Sofya Reznik is a psychologist of the International Committee of the Red Cross. She was the first Ukrainian psychologist to join our team. Sofya now has almost three years of experience in providing psychological and psychosocial help to people who have experienced loss, trauma and other stress related to the conflict.

Sofya, what motivated you to choose psychology as a profession and why did you decide to focus on helping people living by the contact line?

On 11 September 2001 I saw a reportage about the attacks on the Twin Towers. I was shaken. I realized how many people died and what their loved ones must be feeling at that time. I started to ask myself if it is possible to help those who have found themselves in a similar situation, and if that is possible, then how to do it. How to support them, what to say? Looking for answers brought me to professional studying of psychology, especially the psychology of survival in emergency situations, such as  armed conflicts and catastrophes. That is why working for the ICRC in the conflict zone represents my full professional self-actualization.

It is everyday practice that equips me with professional knowledge and skills. For me, that practice started by visiting isolated villages by the contact line along with the volunteers of the Ukrainian Red Cross Society. It is then that I looked into the eyes of a man who had lived through shelling, losses… It is then that I heard what he had survived and how, and how he had managed to cope with it, or not…  Since August 2016, we conduct psychological consultations, which include talking with people, helping them express their feelings, empathizing, etc. And it is exactly that, which I, while still a student, had decided to do in life – have a possibility to help and console, support and inspire.

Olena Loshakova/ICRC

What was your first project in the ICRC?

My first project “Helping the Helpers” was tailored to support and train specialists who in their work meet with – and help – a large number of people. These are teachers, doctors, social workers, volunteers.

The first goal of that project was to teach a person how to recognize signs of stress in himself and in others with whom he is in touch. For example, in schools, we familiarize teachers with the methods of work with students, as the child psyche is most vulnerable, and sometimes seeing symptoms of stress in suffering children is not easy. Such trainings can last up to six days.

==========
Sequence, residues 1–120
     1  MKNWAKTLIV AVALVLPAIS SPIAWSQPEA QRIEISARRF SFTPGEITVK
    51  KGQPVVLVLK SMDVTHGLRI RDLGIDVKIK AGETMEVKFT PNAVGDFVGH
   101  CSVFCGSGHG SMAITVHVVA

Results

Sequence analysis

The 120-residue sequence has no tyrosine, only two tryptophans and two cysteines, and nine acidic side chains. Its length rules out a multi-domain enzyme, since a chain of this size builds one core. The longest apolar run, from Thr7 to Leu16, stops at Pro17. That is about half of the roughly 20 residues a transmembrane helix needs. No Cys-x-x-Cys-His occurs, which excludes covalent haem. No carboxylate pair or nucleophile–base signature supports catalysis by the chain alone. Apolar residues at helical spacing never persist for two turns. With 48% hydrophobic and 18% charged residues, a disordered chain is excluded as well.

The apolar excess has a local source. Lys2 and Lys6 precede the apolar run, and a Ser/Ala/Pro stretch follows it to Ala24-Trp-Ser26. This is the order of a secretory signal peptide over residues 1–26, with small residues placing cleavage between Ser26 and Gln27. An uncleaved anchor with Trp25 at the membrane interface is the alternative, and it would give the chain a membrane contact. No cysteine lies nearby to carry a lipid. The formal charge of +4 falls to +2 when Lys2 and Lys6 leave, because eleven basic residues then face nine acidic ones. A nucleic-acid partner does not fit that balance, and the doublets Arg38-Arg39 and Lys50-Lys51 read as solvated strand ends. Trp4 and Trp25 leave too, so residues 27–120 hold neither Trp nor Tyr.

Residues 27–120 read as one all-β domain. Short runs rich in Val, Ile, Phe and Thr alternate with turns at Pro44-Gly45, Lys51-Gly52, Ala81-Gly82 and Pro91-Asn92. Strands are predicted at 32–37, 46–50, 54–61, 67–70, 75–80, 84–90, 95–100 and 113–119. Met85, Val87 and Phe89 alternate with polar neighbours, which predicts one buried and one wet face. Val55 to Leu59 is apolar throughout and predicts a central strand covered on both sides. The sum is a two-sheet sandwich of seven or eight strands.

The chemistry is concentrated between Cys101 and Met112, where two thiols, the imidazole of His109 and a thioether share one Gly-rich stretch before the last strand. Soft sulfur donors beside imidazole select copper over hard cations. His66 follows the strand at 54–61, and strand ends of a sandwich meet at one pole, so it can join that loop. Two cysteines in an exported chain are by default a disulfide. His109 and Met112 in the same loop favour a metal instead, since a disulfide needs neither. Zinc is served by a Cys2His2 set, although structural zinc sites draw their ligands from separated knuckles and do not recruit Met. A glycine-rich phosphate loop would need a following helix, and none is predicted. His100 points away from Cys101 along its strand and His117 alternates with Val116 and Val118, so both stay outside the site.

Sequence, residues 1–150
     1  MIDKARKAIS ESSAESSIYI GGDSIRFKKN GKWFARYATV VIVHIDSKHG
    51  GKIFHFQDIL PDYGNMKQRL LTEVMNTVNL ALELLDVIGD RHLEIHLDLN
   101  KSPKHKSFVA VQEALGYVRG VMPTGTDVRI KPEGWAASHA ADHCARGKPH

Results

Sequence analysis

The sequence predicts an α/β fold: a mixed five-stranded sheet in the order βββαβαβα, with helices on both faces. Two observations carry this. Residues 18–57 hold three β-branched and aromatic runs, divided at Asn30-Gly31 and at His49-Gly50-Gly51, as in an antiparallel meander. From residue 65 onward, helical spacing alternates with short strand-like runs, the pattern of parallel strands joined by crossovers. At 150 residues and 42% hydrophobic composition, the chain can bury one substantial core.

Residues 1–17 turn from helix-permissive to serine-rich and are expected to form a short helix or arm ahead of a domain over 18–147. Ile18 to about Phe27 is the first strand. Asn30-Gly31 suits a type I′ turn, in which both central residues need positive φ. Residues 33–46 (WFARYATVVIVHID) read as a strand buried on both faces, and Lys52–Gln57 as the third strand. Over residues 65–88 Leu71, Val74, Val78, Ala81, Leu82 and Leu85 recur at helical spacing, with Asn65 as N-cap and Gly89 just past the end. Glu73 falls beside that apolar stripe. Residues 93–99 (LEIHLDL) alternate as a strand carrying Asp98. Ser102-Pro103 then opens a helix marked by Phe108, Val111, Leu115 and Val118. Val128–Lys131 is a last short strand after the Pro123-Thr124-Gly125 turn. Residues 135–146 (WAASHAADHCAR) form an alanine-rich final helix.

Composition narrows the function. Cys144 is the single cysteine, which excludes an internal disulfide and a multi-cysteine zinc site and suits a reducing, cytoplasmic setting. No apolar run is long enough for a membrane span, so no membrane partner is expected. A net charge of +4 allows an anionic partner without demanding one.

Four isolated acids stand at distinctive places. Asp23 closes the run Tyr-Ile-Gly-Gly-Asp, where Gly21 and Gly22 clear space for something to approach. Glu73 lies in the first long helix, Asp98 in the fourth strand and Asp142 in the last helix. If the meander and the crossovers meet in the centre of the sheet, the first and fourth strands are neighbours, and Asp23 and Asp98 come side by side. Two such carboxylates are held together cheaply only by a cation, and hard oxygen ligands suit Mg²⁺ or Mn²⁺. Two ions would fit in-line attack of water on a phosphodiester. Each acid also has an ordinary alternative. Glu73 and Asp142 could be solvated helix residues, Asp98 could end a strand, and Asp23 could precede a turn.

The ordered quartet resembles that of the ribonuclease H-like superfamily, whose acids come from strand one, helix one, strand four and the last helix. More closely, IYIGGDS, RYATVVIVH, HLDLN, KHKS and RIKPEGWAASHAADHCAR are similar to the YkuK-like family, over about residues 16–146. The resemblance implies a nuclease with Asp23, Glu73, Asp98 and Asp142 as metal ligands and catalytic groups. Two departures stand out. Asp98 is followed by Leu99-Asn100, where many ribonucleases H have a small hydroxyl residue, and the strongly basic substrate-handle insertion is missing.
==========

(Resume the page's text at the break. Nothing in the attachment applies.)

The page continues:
How do people react to your work? Is it easy for you to establish a professional contact with those who have gone through shelling or a loss of a dear person?

We often encounter people who have been injured, have lost a close person or their home, have had to flee, and they have to start their life anew.  But this did not break them. On the outside, they look strong, self-confident, and claim that they do not need psychological support. But, when you start to talk to them, and ask them about their experiences, they start to cry – that is how they find a way to relieve their strong but suppressed emotions.  And it is then that they agree to participate in our programs, acknowledging that their pain is not gone and that they have to work on it. For me, there is always hope that the person will be able to overcome the consequences of difficult events and find what in psychology we call “internal resources”.

One more barrier is the stigma regarding people who seek psychological help. That stigma is still prevalent in our society, and, as a consequence, many are reluctant to ask for such kind of help, as they believe that only those who have pathological issues need counseling.

In our work it is the Ukrainian Red Cross volunteers who communicate with the local population. These volunteers are not professional psychologists, but they have undergone special training on how to provide help. We conduct trainings and consultations for them, we supervise and evaluate their work, and we jointly look into and discuss every case. For that reason, the help that we provide to the local population is professional, but at the same time it makes it easier to establish contact.

Olena Loshakova/ICRC

Can a person who continues to live under shelling, without water, light, family, friends and connection with the world, regain control over their life?

The first thing we explain to everyone is that we are not able to stop the conflict. Nonetheless, we can influence the feelings caused by the consequences of the conflict. We emphasize to our beneficiaries that it is important that they analyze the situation and have a concrete plan in place in case the situations deteriorates significantly, so that the beneficiaries could protect themselves as much as they can. At the same time, we teach them about relaxation methods and breathing techniques, train them on self-help skills, so that everyone would be able to deal with the situation on their own, when there are no psychologists or counselors nearby.

The most difficult category are the families of missing people. Their situation is different from that of others, primarily because they continue living between two worlds: in one world, their beloved one is alive; in another one – he or she – is dead. This condition can be described as anticipation exacerbated by uncertainty.

We help people to restore their so-called “inner resources”. With the help of a counsellor, beneficiaries find or build their own coping strategies for overcoming stress. For us that is the biggest award.